The implementation of cost reflective tariffs will affect different consumer categories differently. The increase in tariffs through the implementation of cost reflective tariffs may lead to decrease in electricity use, which may lead to decreased economic activities as electricity use plays a role in one of input factors. It is therefore imperative that the implementation of cost reflective tariffs is phased to minimize the shocks to the economy. The small enterprises are the most affected mainly due to their lack of resilience and limited capacity to invest in alternative energy sources.

Implementation of cost reflective tariffs is also hindered by the competing expectations between low income consumers afford-ability and utility companies’ desire to recover costs. Consumers expect to receive electricity at an affordable price, while utilities’ argument is that “to provide a good reliable electricity, supply tariffs must be matched with costs”. The rational approach, is for Government to implement gradual movement towards cost-reflective tariffs in order to minimize the impact on poor households.


Rural Zambian Population still has less than 5 percent Electricity Access

Cost reflective tariffs risk derailing the goal of achieving 100 percent access to especially for the poor mainly in rural areas where access of rural population has only ranged between 2-5 percent since 1990 as indicated in Figure 5 on the next page. National access to electricity averages at 27 percent with 62 percent of the urban and 3 percent of the rural population having access to power as of 201617.  ZESCO on 22nd March 2019 issued notices to its consumers of its intention to adjust electricity connection fees with a weighted average rate of 213%. If this proposal is approved by ERB, access to electricity would be made worse for the rural population. Rural connections are costly compared to connecting a poor household in an urban area. There seems to be an inverse relationship between providing services to all and afford-ability at least in the short term. One way of providing affordable services to the poor rural population could be through the provision of cross-subsidies given the constrained fiscal space.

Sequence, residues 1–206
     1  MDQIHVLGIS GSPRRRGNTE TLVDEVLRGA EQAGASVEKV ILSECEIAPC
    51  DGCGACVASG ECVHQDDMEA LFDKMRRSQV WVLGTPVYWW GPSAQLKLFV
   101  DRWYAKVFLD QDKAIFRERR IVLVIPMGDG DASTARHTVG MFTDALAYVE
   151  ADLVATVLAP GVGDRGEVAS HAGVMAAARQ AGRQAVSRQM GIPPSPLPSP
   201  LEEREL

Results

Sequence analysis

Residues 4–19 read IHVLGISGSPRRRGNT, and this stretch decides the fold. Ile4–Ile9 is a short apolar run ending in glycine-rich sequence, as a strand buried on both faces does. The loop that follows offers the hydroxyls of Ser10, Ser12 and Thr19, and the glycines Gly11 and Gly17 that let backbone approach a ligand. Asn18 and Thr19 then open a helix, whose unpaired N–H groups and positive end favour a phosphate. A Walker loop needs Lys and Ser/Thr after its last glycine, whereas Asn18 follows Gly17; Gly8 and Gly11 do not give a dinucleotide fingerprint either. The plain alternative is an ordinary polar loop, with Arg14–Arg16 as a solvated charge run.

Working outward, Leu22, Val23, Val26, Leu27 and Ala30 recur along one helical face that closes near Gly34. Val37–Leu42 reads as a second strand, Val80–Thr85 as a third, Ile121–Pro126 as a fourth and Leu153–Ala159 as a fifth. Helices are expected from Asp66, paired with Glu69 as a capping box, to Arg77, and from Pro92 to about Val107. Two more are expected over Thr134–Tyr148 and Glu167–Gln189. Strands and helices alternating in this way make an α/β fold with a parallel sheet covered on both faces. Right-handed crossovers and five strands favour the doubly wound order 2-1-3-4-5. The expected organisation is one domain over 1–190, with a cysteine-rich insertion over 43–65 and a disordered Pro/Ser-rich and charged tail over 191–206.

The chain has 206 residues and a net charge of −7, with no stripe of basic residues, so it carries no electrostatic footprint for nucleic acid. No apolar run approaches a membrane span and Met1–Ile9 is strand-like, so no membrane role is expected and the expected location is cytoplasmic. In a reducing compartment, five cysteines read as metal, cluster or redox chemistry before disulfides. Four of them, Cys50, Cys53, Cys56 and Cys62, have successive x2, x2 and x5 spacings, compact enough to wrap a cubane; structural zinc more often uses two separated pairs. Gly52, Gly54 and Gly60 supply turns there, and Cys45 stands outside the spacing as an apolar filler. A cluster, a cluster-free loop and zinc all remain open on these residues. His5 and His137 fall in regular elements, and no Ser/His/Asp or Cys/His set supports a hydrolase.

Politics and Public Resistance

In 2015, ZESCO also applied to increase tariffs by an average of 187 percent which was granted by ERB but later on reversed by the Government after public dissatisfaction. The trend has been the same in African countries such as Ghana, Tanzania, and Nigeria with similar energy sectors structures.


Key Recommendations